Let’s look at what Wyoming energy, like coal, means for our state and our nation. 

Wyoming mines around 41 percent of the nation’s coal, and we produce 12 times more energy than we consume. We are the second largest overall energy provider in the nation, the eighth largest crude oil producer and the 10th largest natural gas producer, according to the U.S. Energy Information Agency. 

According to the Wyoming Mining Association, Wyoming has over 1.4 trillion tons of coal resources in seams in the Powder River Basin. Estimates give Wyoming more than 165 billion tons of currently recoverable coal with today’s technology. 

This coal contains a low sulfur composition, has a very low production cost given its location and sits near a rail system giving it immediate access to easy transportation across the U.S. 

Coal use has been slowly decreasing, in no small measure because of political agendas, but also because of technologies like fracking which have produced lower-cost natural gas – something Wyoming’s energy sector also produces. 

But coal is still needed by Wyoming and a myriad of other states like Texas, Missouri, Illinois, Wisconsin, Arkansas, Nebraska, Kansas, Michigan and Iowa that burn it. Coal is still the third-largest energy source in the country, and while coal-fired power plants are slowly fading out, they are not gone. The need for coal is expected to continue well past 2041.

But one need only look through Biden’s energy policies to find ideas that won’t meet the need for reliant, clean, efficient and low-cost energy in the U.S. Rather, his plans contain a lot of political rhetoric pandering to voters, unhelpful ideas like clean energy projects to advance social justice issues, such as the Justice 40 Initiative. 

While plans to upgrade our aging transmission lines are important, it is clear there are far too many politics being played at the expense of long-term plans to prepare for America’s expanding energy needs. All of this is relevant to Wyoming and our energy producers.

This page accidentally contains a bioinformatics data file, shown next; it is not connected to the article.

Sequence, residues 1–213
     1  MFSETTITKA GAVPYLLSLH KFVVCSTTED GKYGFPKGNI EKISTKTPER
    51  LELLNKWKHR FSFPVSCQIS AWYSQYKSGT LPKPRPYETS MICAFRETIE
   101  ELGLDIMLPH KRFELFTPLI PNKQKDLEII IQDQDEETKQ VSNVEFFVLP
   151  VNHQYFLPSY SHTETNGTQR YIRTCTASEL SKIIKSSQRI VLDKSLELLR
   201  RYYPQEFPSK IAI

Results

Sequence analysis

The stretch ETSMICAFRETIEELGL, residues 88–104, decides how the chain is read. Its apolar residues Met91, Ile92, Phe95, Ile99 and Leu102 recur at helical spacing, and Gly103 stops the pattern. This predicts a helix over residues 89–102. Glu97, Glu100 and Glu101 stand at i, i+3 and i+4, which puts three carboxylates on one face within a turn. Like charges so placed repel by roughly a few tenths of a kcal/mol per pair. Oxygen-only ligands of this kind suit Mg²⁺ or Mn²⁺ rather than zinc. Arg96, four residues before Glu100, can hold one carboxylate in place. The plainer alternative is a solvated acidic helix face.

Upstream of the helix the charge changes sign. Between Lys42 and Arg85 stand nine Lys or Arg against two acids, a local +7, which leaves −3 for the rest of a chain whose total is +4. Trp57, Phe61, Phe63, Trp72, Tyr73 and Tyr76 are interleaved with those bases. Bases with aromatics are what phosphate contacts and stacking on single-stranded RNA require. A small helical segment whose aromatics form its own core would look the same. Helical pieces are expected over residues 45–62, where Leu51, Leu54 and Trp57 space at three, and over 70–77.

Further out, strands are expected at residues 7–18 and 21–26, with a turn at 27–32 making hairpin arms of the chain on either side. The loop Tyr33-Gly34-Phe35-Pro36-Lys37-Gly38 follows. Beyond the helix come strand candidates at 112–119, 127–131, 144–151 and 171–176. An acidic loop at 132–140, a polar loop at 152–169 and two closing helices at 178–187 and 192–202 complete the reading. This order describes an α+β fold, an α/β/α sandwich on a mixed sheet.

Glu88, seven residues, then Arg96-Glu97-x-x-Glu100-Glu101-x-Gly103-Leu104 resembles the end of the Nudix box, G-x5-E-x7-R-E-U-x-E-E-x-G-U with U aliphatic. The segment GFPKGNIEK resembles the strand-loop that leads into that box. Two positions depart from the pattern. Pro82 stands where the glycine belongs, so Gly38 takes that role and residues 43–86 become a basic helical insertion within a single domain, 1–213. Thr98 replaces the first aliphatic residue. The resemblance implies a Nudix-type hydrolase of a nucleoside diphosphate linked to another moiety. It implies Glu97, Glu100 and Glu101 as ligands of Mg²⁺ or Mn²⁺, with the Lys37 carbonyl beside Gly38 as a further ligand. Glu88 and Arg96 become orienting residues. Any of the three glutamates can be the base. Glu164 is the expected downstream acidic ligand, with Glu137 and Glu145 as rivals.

While the shutting down of the Powder River Basin may be a victory for some who would like to end all coal use today, the reality is very different for those millions of people dependent upon Wyoming energy far beyond tomorrow.

From those on the right who wish to outlaw wind energy or carbon sequestration projects and those on the left who want to eliminate coal and use our energy sector as some kind of social justice experiment, we see extreme positions which are dangerous and idiotic. 

These extremes in energy positioning help no one and only serve to further divide the nation politically. 

Wyoming’s future as an energy producer will be secure if we stay focused on defending our legacy while looking to the future toward innovation and diversification. But we will only achieve this if we elect leaders who see the importance of all of it and aren’t narrowly focused on using energy to play politics. There’s too much at stake to do otherwise.

Amy Edmonds is a former state legislator from Cheyenne and can be reached at This opinion column was originally published by WyoFile on June 5.